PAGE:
3. Overnight sleep study. During a sleep study, we evaluate your sleeping and breathing patterns while you sleep. For shift workers, we are able to work with your schedule to ensure that you undergo the sleep study during your typical sleep time. We take measurements by attaching cannulas, belts and small metal discs called electrodes, to the skin around your head. We also take video of you sleeping or attach electrodes to other parts of your body to monitor muscle movements. Electrodes allow us to watch your brain and nerve activity so we can map out your sleep pattern. Changes in sleep pattern or breathing may indicate sleep apnea.
  4. Home sleep studies. For some selected patients, sleep studies can be completed at home in the comfort of your own bedroom. You simply pick up sleep monitoring equipment from our facility and return it when you are finished.
  5. Home care consultation. A variety of devices and masks help relieve the symptoms of sleep apnea. Our home care experts work with you to find the ones that fit you best so you can rest comfortably. Our respiratory therapists meet with you personally at one of our Indiana University Health Sleep Apnea Education Centers where we offer a wide selection of equipment and supplies to meet your needs. In a consultation of up to 90 minutes, we use our skill and experience to ensure an excellent fit and teach you how to use your device. We provide thorough follow-up to answer questions, resolve problems and help you use the equipment effectively.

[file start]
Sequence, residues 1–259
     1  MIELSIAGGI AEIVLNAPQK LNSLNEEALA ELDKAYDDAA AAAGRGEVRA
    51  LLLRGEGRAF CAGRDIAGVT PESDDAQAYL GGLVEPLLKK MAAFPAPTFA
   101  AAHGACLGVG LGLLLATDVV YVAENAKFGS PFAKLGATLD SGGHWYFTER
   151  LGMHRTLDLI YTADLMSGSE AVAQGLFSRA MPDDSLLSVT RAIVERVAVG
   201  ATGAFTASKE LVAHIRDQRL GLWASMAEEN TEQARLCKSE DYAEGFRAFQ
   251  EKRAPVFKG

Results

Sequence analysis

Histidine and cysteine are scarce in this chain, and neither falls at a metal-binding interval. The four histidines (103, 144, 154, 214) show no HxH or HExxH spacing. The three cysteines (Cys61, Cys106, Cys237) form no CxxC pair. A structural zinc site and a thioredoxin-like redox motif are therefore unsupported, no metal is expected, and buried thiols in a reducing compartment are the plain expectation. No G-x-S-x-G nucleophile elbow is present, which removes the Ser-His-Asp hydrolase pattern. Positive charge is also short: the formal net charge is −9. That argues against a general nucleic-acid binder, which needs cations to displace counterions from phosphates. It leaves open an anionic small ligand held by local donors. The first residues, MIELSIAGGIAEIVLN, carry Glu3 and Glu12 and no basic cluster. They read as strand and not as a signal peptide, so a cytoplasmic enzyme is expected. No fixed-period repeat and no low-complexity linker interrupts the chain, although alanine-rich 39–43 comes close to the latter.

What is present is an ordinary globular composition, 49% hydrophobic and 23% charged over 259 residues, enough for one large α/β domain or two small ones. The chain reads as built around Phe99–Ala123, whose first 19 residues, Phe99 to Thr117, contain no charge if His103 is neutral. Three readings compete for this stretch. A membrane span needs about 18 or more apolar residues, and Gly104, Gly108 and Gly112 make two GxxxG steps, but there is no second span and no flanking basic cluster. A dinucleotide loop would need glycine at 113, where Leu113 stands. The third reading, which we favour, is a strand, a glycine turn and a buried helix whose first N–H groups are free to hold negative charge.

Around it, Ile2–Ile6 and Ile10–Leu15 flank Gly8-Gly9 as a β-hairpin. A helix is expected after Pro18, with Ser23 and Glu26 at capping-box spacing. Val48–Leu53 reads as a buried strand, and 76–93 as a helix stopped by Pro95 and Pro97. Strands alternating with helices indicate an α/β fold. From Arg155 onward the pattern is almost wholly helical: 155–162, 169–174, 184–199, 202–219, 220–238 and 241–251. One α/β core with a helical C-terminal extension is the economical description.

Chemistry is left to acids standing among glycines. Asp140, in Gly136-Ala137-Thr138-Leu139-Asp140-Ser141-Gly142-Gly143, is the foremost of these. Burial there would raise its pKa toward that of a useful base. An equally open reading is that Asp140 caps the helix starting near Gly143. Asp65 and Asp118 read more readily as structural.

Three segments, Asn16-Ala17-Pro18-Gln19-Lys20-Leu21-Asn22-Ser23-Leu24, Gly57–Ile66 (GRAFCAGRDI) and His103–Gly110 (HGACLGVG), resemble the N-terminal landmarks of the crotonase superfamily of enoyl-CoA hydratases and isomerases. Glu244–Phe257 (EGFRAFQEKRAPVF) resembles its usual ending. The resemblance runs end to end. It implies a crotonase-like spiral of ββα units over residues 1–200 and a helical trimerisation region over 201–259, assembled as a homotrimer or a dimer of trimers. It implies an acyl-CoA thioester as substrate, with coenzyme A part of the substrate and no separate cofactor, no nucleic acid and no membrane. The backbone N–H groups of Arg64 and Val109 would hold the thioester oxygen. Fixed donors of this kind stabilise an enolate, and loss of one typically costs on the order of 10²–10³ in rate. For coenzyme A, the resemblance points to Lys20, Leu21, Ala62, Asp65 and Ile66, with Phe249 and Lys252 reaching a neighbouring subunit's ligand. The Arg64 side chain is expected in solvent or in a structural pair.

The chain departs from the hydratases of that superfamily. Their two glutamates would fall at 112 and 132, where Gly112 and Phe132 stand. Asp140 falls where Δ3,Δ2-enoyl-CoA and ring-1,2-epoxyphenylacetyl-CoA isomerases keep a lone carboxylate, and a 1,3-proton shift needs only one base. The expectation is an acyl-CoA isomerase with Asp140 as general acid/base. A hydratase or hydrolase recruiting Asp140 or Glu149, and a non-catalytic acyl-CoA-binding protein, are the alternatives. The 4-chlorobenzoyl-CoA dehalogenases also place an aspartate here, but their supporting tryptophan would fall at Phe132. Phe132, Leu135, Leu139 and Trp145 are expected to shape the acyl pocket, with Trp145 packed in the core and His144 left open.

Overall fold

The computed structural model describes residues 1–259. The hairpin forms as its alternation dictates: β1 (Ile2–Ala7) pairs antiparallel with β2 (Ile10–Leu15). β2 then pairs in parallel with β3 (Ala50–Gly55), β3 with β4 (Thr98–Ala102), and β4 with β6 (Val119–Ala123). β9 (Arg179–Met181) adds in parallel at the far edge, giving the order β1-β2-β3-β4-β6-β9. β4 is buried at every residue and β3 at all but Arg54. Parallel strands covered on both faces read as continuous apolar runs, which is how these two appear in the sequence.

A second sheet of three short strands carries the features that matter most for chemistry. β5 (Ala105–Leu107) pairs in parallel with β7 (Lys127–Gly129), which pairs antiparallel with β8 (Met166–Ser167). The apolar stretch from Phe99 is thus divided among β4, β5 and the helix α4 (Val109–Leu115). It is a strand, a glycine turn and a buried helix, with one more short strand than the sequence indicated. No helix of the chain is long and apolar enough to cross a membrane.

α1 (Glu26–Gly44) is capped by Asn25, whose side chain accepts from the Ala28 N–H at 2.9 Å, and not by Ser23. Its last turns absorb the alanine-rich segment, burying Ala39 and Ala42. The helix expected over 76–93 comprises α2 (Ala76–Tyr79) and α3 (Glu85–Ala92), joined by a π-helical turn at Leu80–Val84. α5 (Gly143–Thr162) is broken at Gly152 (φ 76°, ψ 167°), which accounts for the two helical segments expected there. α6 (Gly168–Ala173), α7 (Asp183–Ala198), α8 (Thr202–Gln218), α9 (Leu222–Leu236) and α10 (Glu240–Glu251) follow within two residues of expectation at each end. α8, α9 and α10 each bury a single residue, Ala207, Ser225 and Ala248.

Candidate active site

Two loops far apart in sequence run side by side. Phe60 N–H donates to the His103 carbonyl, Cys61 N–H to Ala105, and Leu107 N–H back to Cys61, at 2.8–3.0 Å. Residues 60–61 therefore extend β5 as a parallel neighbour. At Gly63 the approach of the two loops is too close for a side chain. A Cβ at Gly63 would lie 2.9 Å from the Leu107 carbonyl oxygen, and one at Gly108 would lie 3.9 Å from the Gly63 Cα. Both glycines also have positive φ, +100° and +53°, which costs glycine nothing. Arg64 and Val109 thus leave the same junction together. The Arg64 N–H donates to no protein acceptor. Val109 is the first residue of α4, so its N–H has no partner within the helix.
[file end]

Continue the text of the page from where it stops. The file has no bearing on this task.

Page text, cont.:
6. Continuous positive airway pressure (CPAP). This treatment uses a gentle air flow to keep your breathing passages open while you sleep. Components include a mask that fits over your nose (or nose and mouth) and a machine that blows air through a tube connected to the mask. Some machines have heated humidifiers or other additional features. Your physician prescribes specific settings for your CPAP device so that you receive the proper air pressure. The right CPAP mask for you is comfortable and does not leak too much air or irritate your skin. CPAP is a long-term treatment that you use every time you sleep, even during naps. The machine is typically the size of a tissue box and light enough to bring when traveling. We may be able to link your device to a website that records data about your treatment.
  7. Bilevel positive airway pressure device. This machine works like CPAP with one major difference. Instead of delivering air at a constant pressure, it supplies a higher pressure when you breathe in and a lower pressure when you breathe out. This feature helps if you find it hard to breathe while using CPAP. It is also useful for severe obstructive sleep apnea and for central sleep apnea.